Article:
LOCATION: United States District Court Eastern District of Michigan
DOCKET NO.: 00-730
DECIDED BY: Rehnquist Court (1986-2005)
LOWER COURT: United States Court of Appeals for the Tenth Circuit
CITATION: 534 US 103 (2001)
ARGUED: Oct 31, 2001
DECIDED: Nov 27, 2001
Theodore B. Olson - Argued the cause for the respondents
William P. Pendley -
William Perry Pendley - Argued the cause for the petitioner
Facts of the case
In 1995, the U.S. Supreme Court, in Adarand Constructors, Inc. v. Pena, 515 U.S. 200, held that strict scrutiny governs whether race-based classifications violate the equal protection component of the Fifth Amendment's Due Process Clause (Adarand I). The Court then remanded the case for a determination whether the race-based components of the U.S. Department of Transportation's (DOT) Disadvantaged Business Enterprise (DBE) program could withstand this standard of review. Ultimately, the Court remanded Adarand for a second time for a determination on the merits consistent with Adarand I. When the Court of Appeals held, that by virtue of a new regulatory framework under which the DOT's state and local DBE program now operated, that program passed constitutional muster, the Court again certiorari to decide whether the Court of Appeals misapplied the strict scrutiny standard announced in Adarand I.
Did the Court of Appeals misapply the strict scrutiny standard in determining if Congress had a compelling interest to enact legislation designed to remedy the effects of racial discrimination? Is the U.S. Department of Transportation's current Disadvantaged Business Enterprise program narrowly tailored to serve a compelling governmental interest?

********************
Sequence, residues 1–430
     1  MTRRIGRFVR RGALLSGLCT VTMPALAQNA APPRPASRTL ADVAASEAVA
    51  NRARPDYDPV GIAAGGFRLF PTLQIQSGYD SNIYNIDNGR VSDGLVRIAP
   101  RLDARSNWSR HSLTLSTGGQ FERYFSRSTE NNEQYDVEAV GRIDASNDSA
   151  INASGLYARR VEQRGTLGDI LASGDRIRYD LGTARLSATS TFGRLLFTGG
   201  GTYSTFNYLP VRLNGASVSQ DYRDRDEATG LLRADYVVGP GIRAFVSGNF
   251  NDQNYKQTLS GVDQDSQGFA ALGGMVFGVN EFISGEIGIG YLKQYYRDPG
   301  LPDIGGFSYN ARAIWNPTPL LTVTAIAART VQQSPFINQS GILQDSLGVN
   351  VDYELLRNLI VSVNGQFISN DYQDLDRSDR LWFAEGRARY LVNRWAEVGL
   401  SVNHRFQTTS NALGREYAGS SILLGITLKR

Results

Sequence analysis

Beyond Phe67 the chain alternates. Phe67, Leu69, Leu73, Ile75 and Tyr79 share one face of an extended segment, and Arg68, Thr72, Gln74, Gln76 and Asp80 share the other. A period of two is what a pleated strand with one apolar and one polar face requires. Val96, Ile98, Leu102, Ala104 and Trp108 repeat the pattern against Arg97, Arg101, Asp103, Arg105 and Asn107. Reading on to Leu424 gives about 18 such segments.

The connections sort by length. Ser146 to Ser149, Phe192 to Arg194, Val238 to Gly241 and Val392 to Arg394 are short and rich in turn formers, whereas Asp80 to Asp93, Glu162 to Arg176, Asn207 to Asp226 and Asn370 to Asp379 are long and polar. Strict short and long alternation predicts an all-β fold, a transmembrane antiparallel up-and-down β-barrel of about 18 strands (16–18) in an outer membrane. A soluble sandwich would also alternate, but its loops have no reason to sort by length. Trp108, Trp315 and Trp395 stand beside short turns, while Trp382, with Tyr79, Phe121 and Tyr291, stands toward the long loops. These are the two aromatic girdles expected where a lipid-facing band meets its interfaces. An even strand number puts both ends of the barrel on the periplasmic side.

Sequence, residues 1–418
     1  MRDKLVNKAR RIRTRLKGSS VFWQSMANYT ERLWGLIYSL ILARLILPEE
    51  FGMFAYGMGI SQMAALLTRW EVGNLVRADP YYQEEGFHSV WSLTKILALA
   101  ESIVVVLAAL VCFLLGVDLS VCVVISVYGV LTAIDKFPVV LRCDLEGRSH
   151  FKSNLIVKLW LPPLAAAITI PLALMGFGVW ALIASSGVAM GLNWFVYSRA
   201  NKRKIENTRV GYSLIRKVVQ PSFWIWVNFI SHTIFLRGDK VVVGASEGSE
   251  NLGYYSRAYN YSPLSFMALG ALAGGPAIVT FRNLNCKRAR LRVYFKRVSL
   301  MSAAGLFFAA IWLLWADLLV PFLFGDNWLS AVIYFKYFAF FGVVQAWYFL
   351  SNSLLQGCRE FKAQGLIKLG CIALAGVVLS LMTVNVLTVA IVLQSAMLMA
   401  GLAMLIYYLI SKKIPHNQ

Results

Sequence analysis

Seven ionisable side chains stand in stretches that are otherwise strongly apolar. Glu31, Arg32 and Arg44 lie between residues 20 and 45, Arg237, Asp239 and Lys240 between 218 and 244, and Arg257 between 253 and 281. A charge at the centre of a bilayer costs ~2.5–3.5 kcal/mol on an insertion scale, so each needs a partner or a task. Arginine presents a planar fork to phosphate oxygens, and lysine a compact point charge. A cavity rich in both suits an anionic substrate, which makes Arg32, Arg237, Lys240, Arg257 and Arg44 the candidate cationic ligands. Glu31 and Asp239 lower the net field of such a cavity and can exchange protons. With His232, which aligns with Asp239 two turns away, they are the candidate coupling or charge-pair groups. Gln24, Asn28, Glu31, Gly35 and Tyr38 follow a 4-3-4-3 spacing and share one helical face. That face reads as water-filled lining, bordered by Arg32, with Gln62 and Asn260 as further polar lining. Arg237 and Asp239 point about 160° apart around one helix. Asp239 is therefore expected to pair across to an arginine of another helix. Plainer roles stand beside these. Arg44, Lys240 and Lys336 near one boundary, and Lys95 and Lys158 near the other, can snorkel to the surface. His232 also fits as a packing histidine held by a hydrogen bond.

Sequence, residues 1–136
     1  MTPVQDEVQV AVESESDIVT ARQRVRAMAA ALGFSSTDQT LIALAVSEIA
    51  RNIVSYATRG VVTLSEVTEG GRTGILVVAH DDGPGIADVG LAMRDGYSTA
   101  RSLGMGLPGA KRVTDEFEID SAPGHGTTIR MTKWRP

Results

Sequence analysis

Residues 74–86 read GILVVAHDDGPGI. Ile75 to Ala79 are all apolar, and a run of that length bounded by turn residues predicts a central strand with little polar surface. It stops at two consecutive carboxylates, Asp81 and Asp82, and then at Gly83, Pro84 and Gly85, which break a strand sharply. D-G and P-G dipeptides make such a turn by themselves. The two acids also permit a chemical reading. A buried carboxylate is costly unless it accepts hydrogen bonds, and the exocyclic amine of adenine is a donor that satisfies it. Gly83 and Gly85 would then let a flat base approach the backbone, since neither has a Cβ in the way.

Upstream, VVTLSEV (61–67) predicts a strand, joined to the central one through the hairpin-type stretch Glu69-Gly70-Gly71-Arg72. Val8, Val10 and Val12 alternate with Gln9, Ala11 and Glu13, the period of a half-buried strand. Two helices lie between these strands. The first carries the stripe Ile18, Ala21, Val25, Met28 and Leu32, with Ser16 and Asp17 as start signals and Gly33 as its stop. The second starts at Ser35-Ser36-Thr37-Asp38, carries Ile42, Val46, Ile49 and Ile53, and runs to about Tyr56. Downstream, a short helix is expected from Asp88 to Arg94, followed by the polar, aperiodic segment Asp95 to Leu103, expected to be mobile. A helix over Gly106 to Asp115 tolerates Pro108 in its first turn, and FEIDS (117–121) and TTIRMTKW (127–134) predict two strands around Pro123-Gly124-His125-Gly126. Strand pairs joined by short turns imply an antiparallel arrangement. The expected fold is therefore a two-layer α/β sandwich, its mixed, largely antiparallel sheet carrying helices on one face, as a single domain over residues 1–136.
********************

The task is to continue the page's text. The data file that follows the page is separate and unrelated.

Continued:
Media for Adarand Constructors, Inc. v. MinetaAudio Transcription for Oral Argument - October 31, 2001 in Adarand Constructors, Inc. v. Mineta
Audio Transcription for Opinion Announcement - November 27, 2001 in Adarand Constructors, Inc. v. Mineta
William H. Rehnquist:
The second of the cases I have to announce is No. 00-730, Adarand Constructors, Inc. versus Mineta.
We granted certiorari in this case to review whether the Court of Appeals was correct when it concluded that the Department of Transportation’s Disadvantaged Business Enterprise program is consistent with the constitutional guarantee of equal protection.
In a Per Curiam filed with the Clerk of the Court today, we dismissed the writ of certiorari as improvidently granted.
The Court of Appeals reviewed a race conscious program that governs procurement of Federal Transportation funds to states and localities.
We presumed that the certiorari states that we would be able to review this same program but upon full briefing and oral argument, it is clear that petitioner is challenging a very different race conscious program, one relating to direct procurement of Federal Transportation funds to private contractors.
Because this program is governed by a different set of statutes and regulations than the program reviewed by the Court of Appeals, there is no decision below addressing the constitutionality of the only program petitioner now challenges.
We are a court of final review and do not decide in the first instance issues not decided below.
To do so here would be especially unwarranted since the Court of Appeals found petitioner lacks standing to challenge the statutes and regulations relating to DOT’s direct procurement program.
Yet, petitioner’s brief did not challenge this ruling.
Petitioner points out that this case presents questions of national importance calling for final resolution by this court.
The importance of an issue, however, should not distort the principles that control the exercise of our jurisdiction.
We find on the record before as to these principles preclude review of questions upon which we granted certiorari.
We dismissed the writ accordingly.
The opinion of the court is unanimous.